Pretending to be someone else takes finesse. Now imagine juggling eight characters in the course of one night.
This past January, UCLA School of Theater, Film and Television alumna Anna Khaja received an Ovation Award for lead actress in her self-written play, “Shaheed: The Dream and Death of Benazir Bhutto.” Though the work marks her first foray into playwriting, Khaja did not say much about its success.
“I went through about 27 disgusting, cheesy drafts that I couldn’t bear to read. Honestly, you know that saying, writing is rewriting ““ it’s true. I learned a really good lesson from that. If you stick with something, it really can change and turn out well,” Khaja said.
Khaja acts solo on the stage, depicting eight characters influenced by Pakistani Prime Minister Bhutto. Each monologue occurs during the moments before Bhutto’s assassination. Khaja has now shared the play with many audiences but strives to keep the performance fresh.
“Every time I perform “˜Shaheed,’ I can’t believe that I’ve ever done it before. You just have to let go and free fall,” Khaja said.
Khaja’s acting methodology relies strongly on being in the moment.
“It doesn’t matter how much emotional or physical range you have. If you don’t have spontaneity, no one considers you a good actor. You know what you’re going to say next, but how you get to the point of saying it and how you say it is improvised,” Khaja said.
Still, some elements required careful planning. Working with director Heather de Michele, Khaja perfected the flow of the story, incorporating smooth onstage set and costume changes. De Michele reminisced about the audience’s reaction after a show during their first run.
“When (Khaja) left the stage, no one left the theater. Not one person got up to leave. Everyone wanted to stay and talk about Benazir Bhutto, Pakistan ““ the whole experience of the play went on for another hour. … It created a dialogue. That’s one thing that you don’t get often enough in theater,” de Michele said.
Khaja had researched Bhutto extensively, and eventually found producer Luis Reyes through serendipity. Meeting at a Monday night reading series, Khaja reconnected with the fellow TFT graduate over Bhutto.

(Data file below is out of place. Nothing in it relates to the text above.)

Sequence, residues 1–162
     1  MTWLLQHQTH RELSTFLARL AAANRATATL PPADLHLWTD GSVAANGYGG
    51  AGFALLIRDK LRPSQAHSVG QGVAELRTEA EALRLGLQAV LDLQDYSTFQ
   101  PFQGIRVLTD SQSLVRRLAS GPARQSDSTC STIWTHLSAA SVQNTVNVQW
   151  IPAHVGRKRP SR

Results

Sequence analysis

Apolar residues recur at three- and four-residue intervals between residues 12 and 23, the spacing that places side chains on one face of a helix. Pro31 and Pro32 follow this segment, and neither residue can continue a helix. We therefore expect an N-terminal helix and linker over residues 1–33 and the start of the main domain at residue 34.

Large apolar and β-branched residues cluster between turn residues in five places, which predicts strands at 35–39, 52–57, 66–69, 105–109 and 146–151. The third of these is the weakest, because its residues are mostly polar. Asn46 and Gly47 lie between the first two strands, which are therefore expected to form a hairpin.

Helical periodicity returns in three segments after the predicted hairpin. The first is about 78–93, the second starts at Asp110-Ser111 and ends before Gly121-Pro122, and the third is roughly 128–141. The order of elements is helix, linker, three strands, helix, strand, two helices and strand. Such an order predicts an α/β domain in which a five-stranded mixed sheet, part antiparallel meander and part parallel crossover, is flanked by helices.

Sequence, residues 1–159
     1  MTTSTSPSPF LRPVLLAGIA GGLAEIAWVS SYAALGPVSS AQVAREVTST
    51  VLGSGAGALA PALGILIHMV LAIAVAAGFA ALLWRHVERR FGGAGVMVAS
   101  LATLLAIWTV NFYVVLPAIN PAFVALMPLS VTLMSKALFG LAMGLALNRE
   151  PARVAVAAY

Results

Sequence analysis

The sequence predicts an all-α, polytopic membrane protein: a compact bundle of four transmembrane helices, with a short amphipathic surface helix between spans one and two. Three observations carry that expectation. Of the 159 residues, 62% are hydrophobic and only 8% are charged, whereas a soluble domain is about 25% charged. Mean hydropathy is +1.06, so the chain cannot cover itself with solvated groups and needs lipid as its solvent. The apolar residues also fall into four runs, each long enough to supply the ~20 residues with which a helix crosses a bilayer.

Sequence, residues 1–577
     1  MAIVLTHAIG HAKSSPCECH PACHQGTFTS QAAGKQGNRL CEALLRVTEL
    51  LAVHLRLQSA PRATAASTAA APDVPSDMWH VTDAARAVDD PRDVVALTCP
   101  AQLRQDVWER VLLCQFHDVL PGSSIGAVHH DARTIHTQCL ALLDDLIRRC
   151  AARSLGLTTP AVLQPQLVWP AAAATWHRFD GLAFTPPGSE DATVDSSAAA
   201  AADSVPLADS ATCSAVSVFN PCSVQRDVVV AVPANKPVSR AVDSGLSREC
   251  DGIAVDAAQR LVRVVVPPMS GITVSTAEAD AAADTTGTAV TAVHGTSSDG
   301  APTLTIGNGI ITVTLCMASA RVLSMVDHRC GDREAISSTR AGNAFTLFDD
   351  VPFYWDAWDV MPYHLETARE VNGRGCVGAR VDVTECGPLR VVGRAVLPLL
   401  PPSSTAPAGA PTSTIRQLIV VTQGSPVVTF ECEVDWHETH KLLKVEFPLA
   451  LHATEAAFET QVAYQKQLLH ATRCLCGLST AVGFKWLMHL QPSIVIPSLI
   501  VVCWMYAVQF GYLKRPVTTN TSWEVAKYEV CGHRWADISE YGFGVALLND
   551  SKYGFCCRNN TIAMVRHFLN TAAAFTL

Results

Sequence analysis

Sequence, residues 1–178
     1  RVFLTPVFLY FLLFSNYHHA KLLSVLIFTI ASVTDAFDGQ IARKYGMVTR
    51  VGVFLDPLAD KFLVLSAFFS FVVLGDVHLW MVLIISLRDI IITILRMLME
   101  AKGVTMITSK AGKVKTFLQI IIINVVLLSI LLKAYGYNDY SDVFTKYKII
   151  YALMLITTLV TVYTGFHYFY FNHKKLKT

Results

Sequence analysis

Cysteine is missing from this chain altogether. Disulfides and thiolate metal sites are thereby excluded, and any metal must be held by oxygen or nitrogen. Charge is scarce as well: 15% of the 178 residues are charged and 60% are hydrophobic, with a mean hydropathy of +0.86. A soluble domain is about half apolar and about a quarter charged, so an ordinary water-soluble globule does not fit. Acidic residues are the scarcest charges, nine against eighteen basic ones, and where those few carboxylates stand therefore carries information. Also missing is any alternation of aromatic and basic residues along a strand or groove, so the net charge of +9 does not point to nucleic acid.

“We think that Benazir Bhutto is a fascinating woman. She was fascinating while she was alive, and now near mythical now that she’s gone. She wasn’t a perfect woman, but I think what she shows more than anything else is the duality of politicians,” Reyes said.
Khaja has known she wanted to be an actress since the age of 4 or 5. She said she credits much of her growth as an actress to her education at UCLA.
“My time at UCLA was really important. You have to learn someone else’s rules to learn who you are, and then you have to make your own,” Khaja said.
Now governing her own acting style, Khaja said she stresses the importance of independence because acting lacks the security and stability of a 9-to-5 job. She perseveres, working both on stage and in front of a camera. Khaja has played roles in numerous films and television shows, including Jim Carrey’s mail-order bride Faranoush from the movie “Yes Man.”
Born of a Pakistani and Latina heritage, Khaja is not discouraged about frequenting those roles in film.
“I’ve played a lot of women in headscarves. Typecasting happens, but at the same time I understand. You have to play the game,” Khaja said.
For Khaja, the limitations are her freedom. Once boundaries of, say, a headscarf are established, she said she can fully explore other aspects of the character.
In May, Khaja will again don a headscarf to premiere “No Word in Guyanese for Me,” where she will play a woman balancing the intricacies of her homosexuality and Islamic background.
“Every woman in a headscarf is not the same woman. There are a thousand variations … of an Arab woman,” Khaja said.